For the past fifteen years, AmericanHort has identified and supported emerging leaders in the horticulture industry through the HortScholar Program. After a rigorous application process, six students are chosen who show qualities such as a passion for the industry, growth mindset, teamwork, and leadership. Previous classes of HortScholars have gone on to become successful horticultural researchers, educators, growers, retailers, and much more - and the class of 2021 promises to do the same.
The 2021 HortScholars will be set on a path to success at Cultivate’21 where they will be exposed to the breadth of the horticulture industry, its opportunities, and its leaders. The program offers a beyond-the-classroom experience, giving insight and awareness of the industry, its supply chain, and where they might find a home for their passion. With a focus on professional development, the HortScholars will attend educational sessions, network, and explore the horticulture industry at Cultivate’21.
AmericanHort is excited to announce the HortScholar class of 2021. Take a moment to get to know them in their own words.
JAYDEN BLACK - OHIO STATE UNIVERSITY
Growing plants and loving nature has been my passion for my entire life—for as long as I can remember. This hunger to learn more and expand my experience naturally led me to pursue a degree in horticulture at Ohio State University, one in Sustainable Plant Systems (Horticulture Specialization) and the other in Agriculture Business. I continuously strive to create sustainable, ecologically functional, and horticulturally enriched landscapes for people to enjoy. I hope to have a career in horticulture production, outreach, education, or state extension. I believe in the immense potential of teaching the world how to grow beautiful plants—inspiring others to make a change.
STEPHANIE CRUZ - UNIVERSITY OF FLORIDA
My interest in cooking and nature evolved into an interest in horticulture when I learned about the health benefits of eating plant-based foods. My interest in horticulture solidified when I interned as a farmhand at Field and Fork, Farm and Gardens at the University of Florida as an undergraduate. I enjoy the combination of art, nature, science, and business that comes with working in this field. I am currently a graduate student at the University of Florida, focusing on controlled environment agriculture of fruiting vegetables. I hope to build on this experience by learning from other growers so I can be on the path to becoming a grower myself upon my graduation in December 2021.
MARIA FERNANDA DO AMARAL TRIENTINI - UNIVERSITY OF FLORIDA
As a child who grew up in a big city, I always sought to link people to nature. While earning my Bachelor in Agriculture at the University of Sao Paulo (Brazil), ornamental plant production sparked a special interest in me, as I saw it as a way to bring nature to city dwellers. Since August 2018, I have been working at the University of Florida (UF), where I expect to earn my Master’s degree in Environmental Horticulture this Summer and to start my Ph.D. in the Fall. As a horticulture professional, I hope to bring scientific knowledge and methods to advance ornamental plant production and better meet consumer demands.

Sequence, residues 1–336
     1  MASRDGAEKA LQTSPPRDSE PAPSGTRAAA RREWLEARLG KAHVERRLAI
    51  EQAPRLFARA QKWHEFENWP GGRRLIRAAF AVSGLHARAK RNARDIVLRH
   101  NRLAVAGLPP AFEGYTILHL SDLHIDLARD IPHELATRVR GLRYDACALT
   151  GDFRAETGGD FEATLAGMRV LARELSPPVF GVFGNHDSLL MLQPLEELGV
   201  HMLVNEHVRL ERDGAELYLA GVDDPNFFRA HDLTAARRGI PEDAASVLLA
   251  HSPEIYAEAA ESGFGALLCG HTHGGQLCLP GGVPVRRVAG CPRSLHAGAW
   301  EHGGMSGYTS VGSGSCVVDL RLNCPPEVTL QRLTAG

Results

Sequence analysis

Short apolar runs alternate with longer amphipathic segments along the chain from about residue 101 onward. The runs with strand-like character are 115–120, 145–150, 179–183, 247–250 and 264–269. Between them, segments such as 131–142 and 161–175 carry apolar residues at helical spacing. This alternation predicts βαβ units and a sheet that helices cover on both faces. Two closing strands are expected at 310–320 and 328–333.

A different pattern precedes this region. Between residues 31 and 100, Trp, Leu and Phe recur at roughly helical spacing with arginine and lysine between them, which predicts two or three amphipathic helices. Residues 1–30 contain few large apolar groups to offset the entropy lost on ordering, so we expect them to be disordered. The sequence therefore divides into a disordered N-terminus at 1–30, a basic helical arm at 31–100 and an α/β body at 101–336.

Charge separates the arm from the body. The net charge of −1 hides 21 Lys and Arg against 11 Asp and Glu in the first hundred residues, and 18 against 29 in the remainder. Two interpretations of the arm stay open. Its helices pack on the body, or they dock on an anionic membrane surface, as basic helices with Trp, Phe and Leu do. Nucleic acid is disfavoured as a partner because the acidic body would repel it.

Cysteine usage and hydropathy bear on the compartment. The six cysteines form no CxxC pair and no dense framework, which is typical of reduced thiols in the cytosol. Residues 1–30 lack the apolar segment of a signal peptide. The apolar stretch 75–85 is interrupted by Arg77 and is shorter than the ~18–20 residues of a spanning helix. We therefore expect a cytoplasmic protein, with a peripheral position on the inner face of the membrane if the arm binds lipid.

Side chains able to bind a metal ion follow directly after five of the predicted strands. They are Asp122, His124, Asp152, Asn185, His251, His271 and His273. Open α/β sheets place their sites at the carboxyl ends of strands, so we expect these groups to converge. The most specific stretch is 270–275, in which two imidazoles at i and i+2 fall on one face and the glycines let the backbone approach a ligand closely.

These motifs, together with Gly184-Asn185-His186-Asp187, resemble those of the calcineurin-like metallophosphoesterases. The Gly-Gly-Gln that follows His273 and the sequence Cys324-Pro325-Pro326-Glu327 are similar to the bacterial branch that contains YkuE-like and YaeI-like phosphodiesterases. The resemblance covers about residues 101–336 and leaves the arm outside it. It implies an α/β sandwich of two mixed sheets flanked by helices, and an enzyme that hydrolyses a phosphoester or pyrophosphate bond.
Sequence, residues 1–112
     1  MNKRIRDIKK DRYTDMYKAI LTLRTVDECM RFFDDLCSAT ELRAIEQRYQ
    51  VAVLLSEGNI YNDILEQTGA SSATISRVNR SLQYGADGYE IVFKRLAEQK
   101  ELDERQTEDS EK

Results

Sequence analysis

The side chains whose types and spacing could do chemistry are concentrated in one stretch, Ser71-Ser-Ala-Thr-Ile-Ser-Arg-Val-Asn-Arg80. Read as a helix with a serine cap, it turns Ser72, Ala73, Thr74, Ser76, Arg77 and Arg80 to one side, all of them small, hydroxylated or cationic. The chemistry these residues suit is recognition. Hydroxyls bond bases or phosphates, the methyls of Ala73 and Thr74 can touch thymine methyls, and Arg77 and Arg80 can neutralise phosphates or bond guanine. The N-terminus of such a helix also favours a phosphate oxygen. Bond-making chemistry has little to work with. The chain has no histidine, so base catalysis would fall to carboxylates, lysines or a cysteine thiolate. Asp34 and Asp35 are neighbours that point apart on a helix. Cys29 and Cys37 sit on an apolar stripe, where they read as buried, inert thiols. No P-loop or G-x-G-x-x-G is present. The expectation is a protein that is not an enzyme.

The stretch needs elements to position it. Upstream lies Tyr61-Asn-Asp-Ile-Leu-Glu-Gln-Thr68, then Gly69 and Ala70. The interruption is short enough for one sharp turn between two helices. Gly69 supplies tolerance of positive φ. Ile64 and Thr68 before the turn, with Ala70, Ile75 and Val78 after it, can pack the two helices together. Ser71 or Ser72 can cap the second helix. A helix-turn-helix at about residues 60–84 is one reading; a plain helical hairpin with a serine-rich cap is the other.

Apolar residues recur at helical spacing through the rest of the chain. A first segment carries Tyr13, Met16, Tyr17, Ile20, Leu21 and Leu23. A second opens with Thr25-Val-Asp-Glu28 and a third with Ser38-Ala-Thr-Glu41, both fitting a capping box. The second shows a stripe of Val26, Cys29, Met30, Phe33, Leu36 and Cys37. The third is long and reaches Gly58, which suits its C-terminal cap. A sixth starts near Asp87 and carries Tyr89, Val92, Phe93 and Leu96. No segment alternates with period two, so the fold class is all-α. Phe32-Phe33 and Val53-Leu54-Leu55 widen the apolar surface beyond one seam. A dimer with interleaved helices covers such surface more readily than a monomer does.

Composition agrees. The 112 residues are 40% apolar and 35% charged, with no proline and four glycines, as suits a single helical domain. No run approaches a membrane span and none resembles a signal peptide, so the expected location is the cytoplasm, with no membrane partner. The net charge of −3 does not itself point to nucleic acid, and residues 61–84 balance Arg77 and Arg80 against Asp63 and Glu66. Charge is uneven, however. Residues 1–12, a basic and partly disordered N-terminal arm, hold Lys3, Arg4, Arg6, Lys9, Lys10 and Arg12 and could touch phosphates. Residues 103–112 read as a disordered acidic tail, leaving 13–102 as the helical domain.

JUAN QUIJIA PILLAJO - OHIO STATE UNIVERSITY
My passion for horticulture was inspired by the tireless work and commitment of my parents to successfully run their ornamental greenhouse business in Quito, Ecuador. I had the opportunity to pursue a degree in agriculture at Zamorano University in Honduras and later a master at The Ohio State University doing research focused on floriculture crop improvement. In my last position as technical advisor, I had the chance to get very into the use of beneficial microbes and bio-stimulation for crop production. These experiences prompted me to pursue a Ph.D. at The Ohio State University and study plant-microbe interactions and how these interactions can influence plant growth and health. I want to promote an innovative and sustainable horticulture industry through developing environmentally friendly tools for crop production.
ANKIT SINGH - UNIVERSITY OF CONNECTICUT
I am a doctoral candidate at the University of Connecticut (UConn), where I am studying the technical and financial feasibility of the novel GREENBOX technology (USDA funded). Through my research with GREENBOX, I aim to further the knowledge of large-scale urban horticulture that reduces the food transportation network’s strain and provides fresh, nutritious produce to the urban populous. I enjoy teaching environmental science and scientific writing to college students (freshman-seniors) and being a graduate mentor to high school students, as they take on environmental projects at UConn. I hope to have a career in sustainability or teaching.
RUNSHI XIE - TEXAS A&M UNIVERSITY
I have always been captivated by the biodiversity and improved well-being that plants bring to individuals since I grew up in a subtropical city located in southeast China. I started my undergraduate study in Landscape Architecture, where I was exposed to both nature and plant sciences. Later I joined Texas A&M University for my master’s degree in Plant Breeding, which ultimately leads to my current pursuit of doctoral-level education in Horticulture. I am currently working on a multi-state multi-disciplinary project to combat the crapemyrtle bark scale (CMBS), an introduced pest species in the United States. I believe my research goals would allow me to develop innovative and sustainable pest control and management methods in the horticulture industry.